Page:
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“The Contract”

Essex Street
55 Hester Street
November 20, 2014–January 25, 2015

R. H. Quaytman, Ark, Chapter 10 (still from A. Fraser “Untitled”) #2, 2008-13, oil, silkscreen ink, gesso on wood
20 x 20".

As Congress considers a bill that would introduce artists’ resale rights, also known as droit de suite, to the United States, the timely group show “The Contract” promotes the bill’s underlying notion that artists should benefit from the price appreciation of their work. By requiring all sales of work on view here be subject to the 1971 Projansky contract—which stipulates that artists receive resale royalties—this exhibition suggests that, given the frenzied pitch of the contemporary art market (in which access is highly coveted), artists may now have sufficient power to demand resale royalties as part of their sales contracts.

Hans Haacke, the contract’s most famous adherent, and Maria Eichhorn, who interviewed Haacke and the contract’s authors, Bob Projansky and Seth Siegelaub, for her project The Artist’s Contract, 1996–2005, are grouped with Jay Chung and Q Takeki Maeda, Wade Guyton, Park McArthur, R. H. Quaytman, Carissa Rodriguez, and Cameron Rowland. McArthur’s Social Security, 2014, a desktop computer tower used by the artist from 2008 to 2013 and still replete with her personal files (of which no backups or copies were made), alludes to the relationship between artist and collector, characterized by vulnerability and trust (for the artist) and responsibility (for the collector).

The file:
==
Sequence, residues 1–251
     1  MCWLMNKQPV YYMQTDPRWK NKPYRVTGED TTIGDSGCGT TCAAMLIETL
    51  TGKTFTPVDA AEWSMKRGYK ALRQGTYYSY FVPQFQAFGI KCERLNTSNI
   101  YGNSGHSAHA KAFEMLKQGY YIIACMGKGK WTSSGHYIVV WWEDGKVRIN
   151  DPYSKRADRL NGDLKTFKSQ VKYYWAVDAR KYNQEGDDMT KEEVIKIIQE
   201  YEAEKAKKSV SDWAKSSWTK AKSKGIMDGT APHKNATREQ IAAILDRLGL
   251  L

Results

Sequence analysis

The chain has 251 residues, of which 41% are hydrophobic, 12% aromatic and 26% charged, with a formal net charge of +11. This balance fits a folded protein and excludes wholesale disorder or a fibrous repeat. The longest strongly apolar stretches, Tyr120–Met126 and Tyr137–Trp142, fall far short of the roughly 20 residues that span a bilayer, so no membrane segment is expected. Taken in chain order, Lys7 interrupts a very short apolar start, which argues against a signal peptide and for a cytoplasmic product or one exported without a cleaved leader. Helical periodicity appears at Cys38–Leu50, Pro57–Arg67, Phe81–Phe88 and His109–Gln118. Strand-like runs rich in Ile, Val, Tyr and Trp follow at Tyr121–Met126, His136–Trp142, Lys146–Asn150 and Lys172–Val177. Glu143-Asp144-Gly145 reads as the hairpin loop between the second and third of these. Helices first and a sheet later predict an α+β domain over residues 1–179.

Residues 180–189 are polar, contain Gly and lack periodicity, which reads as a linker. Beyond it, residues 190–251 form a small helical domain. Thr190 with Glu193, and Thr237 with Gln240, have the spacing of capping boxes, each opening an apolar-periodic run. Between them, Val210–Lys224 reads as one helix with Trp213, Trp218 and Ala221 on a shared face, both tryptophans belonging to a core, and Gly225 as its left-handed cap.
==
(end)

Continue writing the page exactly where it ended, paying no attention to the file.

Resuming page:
Likewise referencing the complex and often compromised power dynamic between author and owner, Quaytman’s painting depicts a still from Andrea Fraser’s Untitled—the infamous 2003 surveillance video of Fraser’s sexual encounter with a collector—where the sales contract generated the work itself. Rowland's 49–51 Chambers Street—Basement, New York, NY 10007, 2014, a circular wooden table purchased at an auction of government property, evidences the endemic trend of privatization. Only by making the conditions of exchange central, even intrinsic, to the artwork itself, “The Contract” argues, can artists wrestle control.

Natasha Degen